I heard a lot of grumblings yesterday from some Focused Moms who were not too happy with my suggestion to bury their Kindle in the backyard. I was just kidding people! I think some of us might just have some serious attachment issues with our distractions! Of course, I’m not one to talk. If you told me to bury my iPad in the backyard I’d give you quite a glare, too!
In our Week One Focused Moms Challenge that kicked off yesterday, one of the steps I suggested was figuring out ways to make your distractions harder to access. Remember, this week we’re not really focusing on our time with our children (that will come in weeks two, three, and four). Instead, we’re looking more at the distractions in our environment and how we can better control them.
Consider for a moment that your distractions are like a credit card. One creative technique for keeping impulse credit card buys under control is to freeze your credit card in a cup of water. Then if you want to buy something, it’ll take you some time to thaw it out and ideally you’d spend that time deciding if the purchase is really worth it.
Of course, my favorite financial adviser Dave Ramsey would tell us just to cut up the stinking credit card! But for this challenge, we’re going to find a happy medium. Somewhere between freezing the credit card and cutting it to shreds lies a much more doable approach for gaining control over our distractions!
I think my grandmother actually had the right idea. She kept her impulse shopping money in her safety deposit box at the bank. If there was something she really wanted, she had to drive to the bank, go inside, have the teller escort her to her box, and then pull out her cash. She put up a few barriers up so that she had to really think about her purchase before making it.
So today we’re going to use some of Grandma’s common sense partnered with the advances of modern technology to help us put this idea into practice! Here are my top ten tips for keeping your distractions more out of reach, giving you a few seconds to think about our number one question for the week “Is what I’m about to do here helping me reach my goal of being a more focused parent?”
- When driving, keep your cell phone in your purse or glove compartment. Pulling out our phones to talk on while driving has become as routine as turning the key to start the engine. Keep it out of sight and harder to access while you’re in the car, and you’ll be less tempted to talk on it and more likely to talk to your precious passengers!
- Don’t save your passwords on your computer so that you can automatically log in to your distractions. Make yourself have to log into Facebook, Twitter, email, etc. by typing in your password each and every time you use it. When you’re done with a session, LOG OUT! Just the few seconds that it takes to log in might be enough to keep you from choosing computer time over kid time.
- If your distraction is an item, like your Kindle or your iPad, put it away after you’ve finished using it. Go attach it to the charger or something, just don’t leave it sitting around near you tempting you to come back to it.
- For most people, you don’t really need to keep your cell phone on your belt or in your pocket at all times. You can put it on the kitchen counter or leave it in your purse. When you keep it on your person then you’re much more likely to mindlessly get lost in it when you have a spare minute (for example, when you should be paying attention to the kids that you’re bathing or feeding).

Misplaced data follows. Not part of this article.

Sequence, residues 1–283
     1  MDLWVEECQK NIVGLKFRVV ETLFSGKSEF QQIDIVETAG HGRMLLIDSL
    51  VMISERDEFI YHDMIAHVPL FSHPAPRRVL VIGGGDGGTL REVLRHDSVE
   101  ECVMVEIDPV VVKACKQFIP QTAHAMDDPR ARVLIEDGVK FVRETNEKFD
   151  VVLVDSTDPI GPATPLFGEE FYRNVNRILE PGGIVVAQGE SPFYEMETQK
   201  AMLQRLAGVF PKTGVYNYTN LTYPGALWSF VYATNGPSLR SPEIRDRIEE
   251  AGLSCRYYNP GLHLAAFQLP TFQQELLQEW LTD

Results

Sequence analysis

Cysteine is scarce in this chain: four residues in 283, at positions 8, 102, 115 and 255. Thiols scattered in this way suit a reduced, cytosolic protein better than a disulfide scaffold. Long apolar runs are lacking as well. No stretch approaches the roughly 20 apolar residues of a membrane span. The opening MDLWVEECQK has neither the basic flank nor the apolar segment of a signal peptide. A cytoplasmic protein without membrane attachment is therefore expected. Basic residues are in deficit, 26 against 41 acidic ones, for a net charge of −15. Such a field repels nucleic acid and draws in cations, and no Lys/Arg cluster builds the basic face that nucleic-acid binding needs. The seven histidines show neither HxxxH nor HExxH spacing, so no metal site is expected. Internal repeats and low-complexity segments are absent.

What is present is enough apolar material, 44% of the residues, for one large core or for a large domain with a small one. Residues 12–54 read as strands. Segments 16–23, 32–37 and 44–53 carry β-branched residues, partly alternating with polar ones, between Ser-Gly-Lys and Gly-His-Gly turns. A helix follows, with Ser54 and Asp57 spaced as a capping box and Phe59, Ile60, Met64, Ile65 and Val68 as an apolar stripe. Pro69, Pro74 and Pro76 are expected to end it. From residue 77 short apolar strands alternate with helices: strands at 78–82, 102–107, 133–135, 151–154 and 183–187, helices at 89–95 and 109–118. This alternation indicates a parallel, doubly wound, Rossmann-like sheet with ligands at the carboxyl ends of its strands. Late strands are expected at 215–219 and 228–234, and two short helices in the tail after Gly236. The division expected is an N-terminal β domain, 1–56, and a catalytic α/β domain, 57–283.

- Don’t leave your television running all day long. If you’ve watched your program, then turn it off. You’ll be a lot less likely to get wrapped up in a show if you didn’t even know it was on in the first place!
- Try setting your cell phone to vibrate instead of letting it ring. Then you won’t be as likely to get distracted by phone calls or texts during quality time with your kids. You’ll be able instead to return your phone messages and texts when the kiddos go to bed.
- Turn off your computer. Not for good, just when you’re done using it! We used to have to shut down and restart our computers every time we used them. Now they just stay open and running 24 hours a day, making it really easy for us to sit down for just a minute and end up sucked in for at least an hour! Instead, turn them off when you’re not sitting at them so that you have to make a conscious decision to turn them back on.
- Keep a pad of paper by your computer. Whenever you catch yourself wanting to log on for just a minute, try keeping a daily list of what you wanted to do online instead. Then come back when you have time for a longer computer session (after you get the kids on the bus, before they wake up, or after they’re in bed) and check off your online to do list!
- Don’t use short cuts on your cell phone, desktop, laptop, iPad, etc. I know that seems to go against our better judgment! But I guarantee that if you make yourself go to the trouble of typing in the address of the site you want to go to or make yourself locate the document you want to work on in a folder instead of just pushing a shortcut button, then you’ll be a lot less likely to indulge mindlessly!
- And if none of those work for you then you might just want to seriously consider burying your Kindle in your backyard.
Don’t forget to keep working on our three steps for this week (Admit you have a problem, Plaster yourself with Mr. Yuk stickers, and Bury your Kindle in your backyard) and get ready to share your pictures, comments, and blog posts about your successes and struggles from Week One this Friday!